In June 2006, the forces of the Islamic Courts Union (ICU) took control of Somalia's capital, Mogadishu. During the six-month rule by the ICU, Mogadishu became relatively stable, but efforts to bring peace did not lead to a major breakthrough. On 28 December 2006, Ethiopian troops captured Mogadishu with little resistance from the ICU. The Ethiopian intervention has led to more chaos and instability in Somalia over the past two years. In November 2008, the Ethiopian government announced that its forces would pull out of Somalia by the end of 2008. In June 2008, the Transitional Federal Government and the Alliance for the Re-Liberation of Somalia (ARS), a group dominated by members of the ICU, signed an agreement in Djibouti mediated by United Nations special envoy Ahmedou Ould-Abdullah. The next phase of the Somali conflict is likely to occur between the ARS and al-Shabaab, a group determined to expand its influence and control beyond Mogadishu. Meanwhile, Somali pirates have intensified their attacks in the Gulf of Aden, carrying out attacks on more than ninety commercial ships and successfully hijacking more than thirty-five ships in 2008. The pirates have earned more than $50 million in ransom payments and have released a number of the ships and crew members. The United States, Russia, India, and several other countries have deployed warships to tackle piracy in the Horn of Africa region, although the problem still persists.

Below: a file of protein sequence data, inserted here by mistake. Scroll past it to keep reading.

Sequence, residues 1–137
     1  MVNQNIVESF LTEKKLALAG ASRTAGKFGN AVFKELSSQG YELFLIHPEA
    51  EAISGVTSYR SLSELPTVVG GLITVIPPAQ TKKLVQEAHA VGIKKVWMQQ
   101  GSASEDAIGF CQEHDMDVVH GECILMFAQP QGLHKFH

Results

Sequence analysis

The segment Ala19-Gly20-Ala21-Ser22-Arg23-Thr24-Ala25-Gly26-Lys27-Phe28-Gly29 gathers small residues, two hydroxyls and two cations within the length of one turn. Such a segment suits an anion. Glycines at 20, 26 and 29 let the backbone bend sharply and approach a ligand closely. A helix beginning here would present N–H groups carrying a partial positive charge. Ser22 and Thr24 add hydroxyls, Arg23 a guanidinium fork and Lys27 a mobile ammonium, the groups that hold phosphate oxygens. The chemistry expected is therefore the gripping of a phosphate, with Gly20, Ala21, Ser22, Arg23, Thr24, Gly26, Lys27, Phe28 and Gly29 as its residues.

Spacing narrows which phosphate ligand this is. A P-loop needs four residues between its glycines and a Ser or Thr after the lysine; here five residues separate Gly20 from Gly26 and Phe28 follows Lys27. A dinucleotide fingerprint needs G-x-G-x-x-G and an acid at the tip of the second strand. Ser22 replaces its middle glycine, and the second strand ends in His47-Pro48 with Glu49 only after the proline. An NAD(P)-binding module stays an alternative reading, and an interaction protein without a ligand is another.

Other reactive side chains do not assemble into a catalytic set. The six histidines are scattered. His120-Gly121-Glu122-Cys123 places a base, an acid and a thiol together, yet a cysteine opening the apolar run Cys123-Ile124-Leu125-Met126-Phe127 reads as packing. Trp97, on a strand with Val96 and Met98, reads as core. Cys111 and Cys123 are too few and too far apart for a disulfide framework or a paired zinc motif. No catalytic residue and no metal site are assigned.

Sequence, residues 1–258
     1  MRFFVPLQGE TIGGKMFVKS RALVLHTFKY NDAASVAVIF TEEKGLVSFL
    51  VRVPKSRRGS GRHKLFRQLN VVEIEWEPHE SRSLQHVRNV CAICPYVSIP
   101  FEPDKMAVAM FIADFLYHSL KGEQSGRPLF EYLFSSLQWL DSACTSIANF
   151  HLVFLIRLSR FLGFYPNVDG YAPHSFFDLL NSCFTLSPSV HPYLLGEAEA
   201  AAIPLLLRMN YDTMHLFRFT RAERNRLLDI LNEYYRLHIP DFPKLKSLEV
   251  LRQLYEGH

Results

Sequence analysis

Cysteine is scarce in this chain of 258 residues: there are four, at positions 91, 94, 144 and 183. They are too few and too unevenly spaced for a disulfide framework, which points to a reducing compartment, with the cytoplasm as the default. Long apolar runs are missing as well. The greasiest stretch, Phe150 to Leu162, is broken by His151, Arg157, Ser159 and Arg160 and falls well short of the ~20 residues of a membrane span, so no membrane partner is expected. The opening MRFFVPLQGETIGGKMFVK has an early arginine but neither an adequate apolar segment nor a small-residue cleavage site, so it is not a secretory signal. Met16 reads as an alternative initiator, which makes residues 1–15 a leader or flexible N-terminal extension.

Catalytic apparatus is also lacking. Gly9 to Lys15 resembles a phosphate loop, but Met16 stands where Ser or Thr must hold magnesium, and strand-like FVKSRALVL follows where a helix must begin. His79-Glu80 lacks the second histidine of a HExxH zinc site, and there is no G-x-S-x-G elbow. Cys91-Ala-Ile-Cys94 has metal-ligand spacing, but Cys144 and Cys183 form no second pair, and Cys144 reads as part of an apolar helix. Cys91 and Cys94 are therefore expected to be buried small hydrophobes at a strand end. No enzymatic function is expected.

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Ted Dagne; Somalia: Prospects for a Lasting Peace. Mediterranean Quarterly 1 June 2009; 20 (2): 95–112. doi: https://doi.org/10.1215/10474552-2009-007
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